Climate Change

Climate change is real, it is caused by humans, and it is the single biggest environmental issue of our time.

As climate scientists at an R1 research university, we take a keen interest in the physical science behind climate change, along with the mitigation- and adaptation-based solutions. However, the majority of our research on the topic focuses on the impacts of climate change. At various times, we have been funded by NASA, NOAA and other state-based agencies to explore historical trends in climate change indicators, and make projections of future impacts.

One recent area of interest is in non-traditional indicators of climate change. We have explored how synoptic-scale air masses are changing in frequency across the globe, including what the driving factors are behind these changes. We have investigated how extreme temperature events are changing in frequency, duration and spatial extent, and how higher-order statistical properties (e.g. variability, skewness, and kurtosis) are changing over time. Prior research examined trends in water clarity over time, projected heat-related deaths in major California cities through 2100, and estimated future impacts on U.S. tornadoes.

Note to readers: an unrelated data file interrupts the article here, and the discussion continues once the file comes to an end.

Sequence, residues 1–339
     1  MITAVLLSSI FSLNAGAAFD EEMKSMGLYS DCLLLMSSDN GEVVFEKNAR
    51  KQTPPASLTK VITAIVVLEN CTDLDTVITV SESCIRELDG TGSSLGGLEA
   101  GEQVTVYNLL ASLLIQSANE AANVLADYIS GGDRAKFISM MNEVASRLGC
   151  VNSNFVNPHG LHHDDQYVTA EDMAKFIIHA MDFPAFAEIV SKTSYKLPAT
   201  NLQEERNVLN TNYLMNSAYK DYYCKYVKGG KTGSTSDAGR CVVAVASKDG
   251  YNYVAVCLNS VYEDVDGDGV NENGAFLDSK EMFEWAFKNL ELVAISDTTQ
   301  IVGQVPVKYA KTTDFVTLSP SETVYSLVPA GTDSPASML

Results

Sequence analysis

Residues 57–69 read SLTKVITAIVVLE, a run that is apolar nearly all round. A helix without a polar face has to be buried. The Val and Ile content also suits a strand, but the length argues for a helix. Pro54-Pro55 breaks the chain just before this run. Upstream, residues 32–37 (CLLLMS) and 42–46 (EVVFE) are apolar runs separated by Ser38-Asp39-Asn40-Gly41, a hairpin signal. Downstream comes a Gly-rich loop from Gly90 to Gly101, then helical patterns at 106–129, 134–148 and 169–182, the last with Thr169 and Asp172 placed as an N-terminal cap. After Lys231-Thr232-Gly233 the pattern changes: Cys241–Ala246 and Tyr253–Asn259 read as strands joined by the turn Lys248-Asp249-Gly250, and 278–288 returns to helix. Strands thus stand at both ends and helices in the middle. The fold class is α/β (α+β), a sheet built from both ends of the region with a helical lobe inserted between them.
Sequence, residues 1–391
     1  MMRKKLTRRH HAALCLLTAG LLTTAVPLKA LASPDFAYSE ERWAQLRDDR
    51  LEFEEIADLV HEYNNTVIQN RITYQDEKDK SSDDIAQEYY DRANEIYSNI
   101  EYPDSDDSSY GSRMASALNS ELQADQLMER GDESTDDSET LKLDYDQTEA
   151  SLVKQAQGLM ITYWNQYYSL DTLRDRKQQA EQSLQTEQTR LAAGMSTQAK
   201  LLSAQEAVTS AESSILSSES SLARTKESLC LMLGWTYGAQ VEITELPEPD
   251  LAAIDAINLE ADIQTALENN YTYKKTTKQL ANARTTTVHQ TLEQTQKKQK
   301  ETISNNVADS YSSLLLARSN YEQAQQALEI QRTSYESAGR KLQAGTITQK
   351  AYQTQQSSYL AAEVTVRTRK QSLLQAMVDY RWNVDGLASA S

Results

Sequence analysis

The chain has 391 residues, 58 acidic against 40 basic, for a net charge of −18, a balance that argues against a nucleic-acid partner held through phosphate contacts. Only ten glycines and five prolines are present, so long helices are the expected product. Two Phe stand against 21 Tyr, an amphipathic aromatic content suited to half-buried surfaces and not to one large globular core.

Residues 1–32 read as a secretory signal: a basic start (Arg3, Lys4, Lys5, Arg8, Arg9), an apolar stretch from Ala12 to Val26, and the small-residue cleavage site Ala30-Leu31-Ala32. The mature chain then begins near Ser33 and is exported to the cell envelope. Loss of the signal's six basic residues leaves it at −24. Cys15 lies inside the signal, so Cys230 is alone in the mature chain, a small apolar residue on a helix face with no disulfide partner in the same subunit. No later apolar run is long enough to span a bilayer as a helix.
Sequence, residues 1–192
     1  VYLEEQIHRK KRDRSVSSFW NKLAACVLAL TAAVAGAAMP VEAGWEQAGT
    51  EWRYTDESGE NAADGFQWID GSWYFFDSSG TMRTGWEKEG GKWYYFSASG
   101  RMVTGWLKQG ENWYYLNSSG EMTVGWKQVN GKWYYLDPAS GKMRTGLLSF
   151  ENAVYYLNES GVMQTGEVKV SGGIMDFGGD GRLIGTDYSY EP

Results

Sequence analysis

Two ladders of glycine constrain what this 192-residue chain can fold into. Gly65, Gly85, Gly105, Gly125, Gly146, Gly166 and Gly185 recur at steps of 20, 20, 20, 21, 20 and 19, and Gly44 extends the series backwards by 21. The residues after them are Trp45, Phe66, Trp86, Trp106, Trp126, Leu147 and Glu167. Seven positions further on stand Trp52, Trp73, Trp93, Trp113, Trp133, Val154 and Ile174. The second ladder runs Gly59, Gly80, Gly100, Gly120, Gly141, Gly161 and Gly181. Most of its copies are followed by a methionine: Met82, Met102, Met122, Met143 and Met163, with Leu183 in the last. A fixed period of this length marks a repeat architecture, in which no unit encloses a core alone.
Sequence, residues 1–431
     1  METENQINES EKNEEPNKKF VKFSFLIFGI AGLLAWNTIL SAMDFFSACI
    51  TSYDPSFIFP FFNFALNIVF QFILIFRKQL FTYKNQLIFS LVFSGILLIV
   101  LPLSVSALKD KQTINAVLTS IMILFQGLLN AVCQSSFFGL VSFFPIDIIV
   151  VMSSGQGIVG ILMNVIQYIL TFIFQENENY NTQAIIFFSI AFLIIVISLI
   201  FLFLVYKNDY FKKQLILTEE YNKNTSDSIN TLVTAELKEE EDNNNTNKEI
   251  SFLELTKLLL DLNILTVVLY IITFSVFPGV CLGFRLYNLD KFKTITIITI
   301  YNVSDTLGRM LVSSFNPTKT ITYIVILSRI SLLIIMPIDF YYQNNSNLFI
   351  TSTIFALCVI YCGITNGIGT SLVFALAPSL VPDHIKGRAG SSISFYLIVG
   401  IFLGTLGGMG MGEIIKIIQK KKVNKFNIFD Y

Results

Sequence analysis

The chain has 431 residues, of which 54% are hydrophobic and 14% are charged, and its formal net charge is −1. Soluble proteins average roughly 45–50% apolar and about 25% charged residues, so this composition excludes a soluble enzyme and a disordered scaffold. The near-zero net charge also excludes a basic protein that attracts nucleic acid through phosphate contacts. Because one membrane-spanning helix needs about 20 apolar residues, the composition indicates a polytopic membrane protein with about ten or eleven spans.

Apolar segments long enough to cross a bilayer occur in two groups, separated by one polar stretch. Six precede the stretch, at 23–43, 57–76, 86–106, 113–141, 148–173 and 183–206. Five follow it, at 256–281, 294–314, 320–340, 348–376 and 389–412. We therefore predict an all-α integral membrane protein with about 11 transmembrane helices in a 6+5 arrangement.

Research on these topics have been highlighted in major international climate journals and the cited in the Intergovernmental Panel on Climate Change (IPCC)’s 6th Assessment Report (in Chapter 11 on Weather and climate extreme events in a changing climate).

In addition to the research being done in the ClimRISE Lab, the Department of Geography is also the home of the minor in Climate Change, and offers a combined senior- and graduate-level course on Global Climate Change every semester. Dr. Lee and Dr. Sheridan have also shared their knowledge on climate change with various media outlets and local groups, and are always open for community outreach on this important topic.

Published Research on Climate Change